Wood burning Transfer Point | What is it ? | How to use it ?

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Written by Jared Watson

Jarred Watson is a pyrographer with 10+ years experience and has worked with brands like BOSCH & FORD. He is always looking to learn and share his passion of wood burning with others.

The art form of pyrography, also known as woodburning, is quickly gaining popularity, particularly in the United States and the United Kingdom. When applied to wood surfaces using tips like the woodburning transfer point, this art medium requires the use of a heating instrument that resembles a huge pen and creates recognizable burn lines. There are already a lot of experienced pyrographers out there, and the majority of their work is simply amazing. 

Woodburning Transfer Point

Woodburning Transfer Point​

Your choice of woodburning pen tips will depend on the artistic or crafts appearance you’re going for. Working on a flat surface, like a table or desk, or an inclined surface, like an adjustable art table or easel, also has an effect. It also matters if the subject you are working on is curved or flat. Among so many woodburning tips for your pyrography pen, the transfer point is one of the most important and valuable. Here is a quick rundown of the features, uses, pros and cons of the transfer point.


This is one of the most useful woodburning tips in the solid-point kit that enables you to create woodburning designs. Its most beneficial and related applications of it are, without a doubt. This tip is flat, approximately an inch across, and relatively thick, like a large coin. This tip only serves one apparent objective. And when put to good use for that, this small tip is priceless.


Its primary use is pattern transfer, which is also how it got its name. This is your most significant advantage if there is a pyrography pattern you wish to make use of. Use this tool to transfer the design to the wood after printing it on a laser printer or copier. Compared to utilizing graphite paper or the reliable old-fashioned paper for the tracing approach, it is a lot simpler.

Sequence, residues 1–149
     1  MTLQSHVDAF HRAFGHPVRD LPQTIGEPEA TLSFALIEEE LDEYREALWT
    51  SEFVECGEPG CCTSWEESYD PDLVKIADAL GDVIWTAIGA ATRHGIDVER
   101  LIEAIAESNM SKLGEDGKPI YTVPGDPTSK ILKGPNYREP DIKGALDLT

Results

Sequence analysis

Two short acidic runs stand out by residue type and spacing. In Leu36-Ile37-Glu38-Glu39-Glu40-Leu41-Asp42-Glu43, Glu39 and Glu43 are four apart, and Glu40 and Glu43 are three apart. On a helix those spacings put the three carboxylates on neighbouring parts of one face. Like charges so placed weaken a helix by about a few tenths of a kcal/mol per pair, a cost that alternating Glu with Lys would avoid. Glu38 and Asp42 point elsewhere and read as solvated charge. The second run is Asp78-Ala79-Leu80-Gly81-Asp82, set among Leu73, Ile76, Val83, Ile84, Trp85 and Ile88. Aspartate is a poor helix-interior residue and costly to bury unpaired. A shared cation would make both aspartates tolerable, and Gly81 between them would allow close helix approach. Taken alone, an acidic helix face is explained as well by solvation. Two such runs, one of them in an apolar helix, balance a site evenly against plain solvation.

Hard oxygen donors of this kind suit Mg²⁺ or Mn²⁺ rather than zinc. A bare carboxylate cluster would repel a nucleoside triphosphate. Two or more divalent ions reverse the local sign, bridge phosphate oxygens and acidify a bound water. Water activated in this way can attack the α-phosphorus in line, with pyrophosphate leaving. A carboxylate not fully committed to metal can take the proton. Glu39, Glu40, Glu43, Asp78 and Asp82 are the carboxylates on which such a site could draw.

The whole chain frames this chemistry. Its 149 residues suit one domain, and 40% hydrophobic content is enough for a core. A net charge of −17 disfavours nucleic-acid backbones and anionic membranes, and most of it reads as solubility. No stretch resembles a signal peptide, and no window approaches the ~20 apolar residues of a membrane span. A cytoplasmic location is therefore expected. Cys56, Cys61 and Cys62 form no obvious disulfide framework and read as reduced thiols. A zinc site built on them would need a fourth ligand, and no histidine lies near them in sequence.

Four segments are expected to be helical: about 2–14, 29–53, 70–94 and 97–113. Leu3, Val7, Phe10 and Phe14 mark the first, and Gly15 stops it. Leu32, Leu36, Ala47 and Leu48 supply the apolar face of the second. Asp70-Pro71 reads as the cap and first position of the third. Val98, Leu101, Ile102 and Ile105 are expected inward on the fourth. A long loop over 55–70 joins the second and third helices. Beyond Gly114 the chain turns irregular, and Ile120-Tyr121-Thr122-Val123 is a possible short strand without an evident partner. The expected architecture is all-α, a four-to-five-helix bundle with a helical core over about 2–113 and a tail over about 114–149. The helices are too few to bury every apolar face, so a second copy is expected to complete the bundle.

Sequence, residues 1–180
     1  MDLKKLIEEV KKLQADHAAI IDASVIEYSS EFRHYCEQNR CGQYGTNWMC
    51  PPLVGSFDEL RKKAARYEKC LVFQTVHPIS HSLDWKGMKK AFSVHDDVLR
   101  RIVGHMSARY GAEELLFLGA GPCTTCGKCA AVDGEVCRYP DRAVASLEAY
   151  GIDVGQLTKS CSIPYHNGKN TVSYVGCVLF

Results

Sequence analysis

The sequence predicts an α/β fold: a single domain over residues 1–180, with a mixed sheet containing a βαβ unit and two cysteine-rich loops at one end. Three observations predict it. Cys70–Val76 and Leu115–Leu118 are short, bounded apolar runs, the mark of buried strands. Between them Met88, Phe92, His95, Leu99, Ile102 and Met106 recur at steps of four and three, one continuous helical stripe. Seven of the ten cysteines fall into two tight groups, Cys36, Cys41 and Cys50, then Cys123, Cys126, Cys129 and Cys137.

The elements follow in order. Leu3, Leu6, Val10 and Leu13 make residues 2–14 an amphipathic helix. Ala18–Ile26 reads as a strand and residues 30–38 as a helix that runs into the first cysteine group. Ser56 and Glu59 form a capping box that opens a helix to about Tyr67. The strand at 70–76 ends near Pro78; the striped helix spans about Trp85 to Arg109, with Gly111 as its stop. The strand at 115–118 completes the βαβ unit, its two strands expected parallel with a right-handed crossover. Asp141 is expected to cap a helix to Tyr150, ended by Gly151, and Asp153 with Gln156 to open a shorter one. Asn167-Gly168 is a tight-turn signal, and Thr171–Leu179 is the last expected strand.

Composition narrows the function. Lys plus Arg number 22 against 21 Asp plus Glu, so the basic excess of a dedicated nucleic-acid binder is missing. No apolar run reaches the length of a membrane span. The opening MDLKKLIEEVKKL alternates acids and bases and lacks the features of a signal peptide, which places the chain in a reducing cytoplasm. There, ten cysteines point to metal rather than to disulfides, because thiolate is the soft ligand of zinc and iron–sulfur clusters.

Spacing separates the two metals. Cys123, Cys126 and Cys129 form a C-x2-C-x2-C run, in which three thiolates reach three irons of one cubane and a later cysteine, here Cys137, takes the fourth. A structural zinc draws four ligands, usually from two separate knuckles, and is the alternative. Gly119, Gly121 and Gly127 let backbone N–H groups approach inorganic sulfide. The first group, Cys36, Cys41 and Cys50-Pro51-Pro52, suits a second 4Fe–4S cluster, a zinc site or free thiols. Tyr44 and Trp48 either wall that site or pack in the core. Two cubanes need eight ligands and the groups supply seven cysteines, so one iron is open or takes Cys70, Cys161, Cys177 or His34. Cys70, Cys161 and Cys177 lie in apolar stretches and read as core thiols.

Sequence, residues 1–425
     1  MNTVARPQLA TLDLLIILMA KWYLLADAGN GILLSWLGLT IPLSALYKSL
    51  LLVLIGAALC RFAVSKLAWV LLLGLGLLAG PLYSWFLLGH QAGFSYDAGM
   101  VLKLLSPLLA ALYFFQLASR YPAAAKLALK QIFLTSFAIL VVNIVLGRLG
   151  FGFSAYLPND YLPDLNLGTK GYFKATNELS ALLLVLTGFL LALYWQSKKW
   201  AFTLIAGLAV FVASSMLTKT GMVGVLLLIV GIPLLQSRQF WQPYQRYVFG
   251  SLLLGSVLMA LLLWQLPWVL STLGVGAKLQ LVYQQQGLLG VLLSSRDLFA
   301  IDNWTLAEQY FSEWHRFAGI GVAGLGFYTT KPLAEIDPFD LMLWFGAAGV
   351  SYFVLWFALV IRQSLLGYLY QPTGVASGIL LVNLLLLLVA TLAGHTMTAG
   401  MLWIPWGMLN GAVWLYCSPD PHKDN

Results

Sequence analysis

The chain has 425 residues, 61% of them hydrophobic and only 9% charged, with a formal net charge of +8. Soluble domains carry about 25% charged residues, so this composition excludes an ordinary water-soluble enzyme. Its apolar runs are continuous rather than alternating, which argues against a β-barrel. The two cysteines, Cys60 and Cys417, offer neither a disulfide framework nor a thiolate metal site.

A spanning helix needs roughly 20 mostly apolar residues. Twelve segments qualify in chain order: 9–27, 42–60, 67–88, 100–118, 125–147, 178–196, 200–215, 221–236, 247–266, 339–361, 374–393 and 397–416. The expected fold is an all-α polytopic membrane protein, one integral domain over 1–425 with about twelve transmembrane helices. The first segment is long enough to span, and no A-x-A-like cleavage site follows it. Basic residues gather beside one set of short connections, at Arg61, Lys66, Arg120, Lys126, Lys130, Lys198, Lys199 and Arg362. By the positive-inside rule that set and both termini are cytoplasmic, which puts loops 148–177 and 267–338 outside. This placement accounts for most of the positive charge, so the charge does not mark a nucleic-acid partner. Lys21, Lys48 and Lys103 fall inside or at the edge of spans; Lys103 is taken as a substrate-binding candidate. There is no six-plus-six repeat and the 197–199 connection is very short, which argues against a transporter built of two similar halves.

The next best and one of the most preferred uses is a beneficial one. It practically makes eliminating dents from wood simpler. It functions almost in the same way as an iron. All you have to do is softly mist the dent in the wood using water. Then use the transfer tip to carefully smooth the dents while maintaining low heat. In essence, it raises the wood to its original level. Only dents that have been pressed in will work with this, but the pieces pulled out of the wood will not.

What do I like about it?

Just be aware that it isn’t much you can manage with this point if you want to use it for actual burning. You can cover up bigger regions of light with it. It creates very subtle, seamless shading. It would function well for larger areas on the wood but is almost challenging to use over the smaller areas.

But if you ignore the grain, it stands out, especially if the wood has been exposed to sap. It would require a lot of work to smooth it out while creating the delicate straight lines since it is difficult to manage. You can obtain some relatively straight lines if you flip this tip around. Although they will appear slightly faded, specific projects could benefit from that.

What do I not like about it?

You can use the transfer point for practically any method that includes burning. In actuality, none of these pyrography methods truly work:

  • Shading in small areas
  • Lettering
  • Dots
  • Curved lines or circles
  • Bold dark burns

You should generally stick to its finest applications and use different woodburning techniques for your burnt artwork


You may employ many techniques to design unique patterns or letters on the wooden surface. But among the best, universal point chisel tips stand out. Making your preferred artwork ought to be more straightforward and attractive if you use this advice and little experience.

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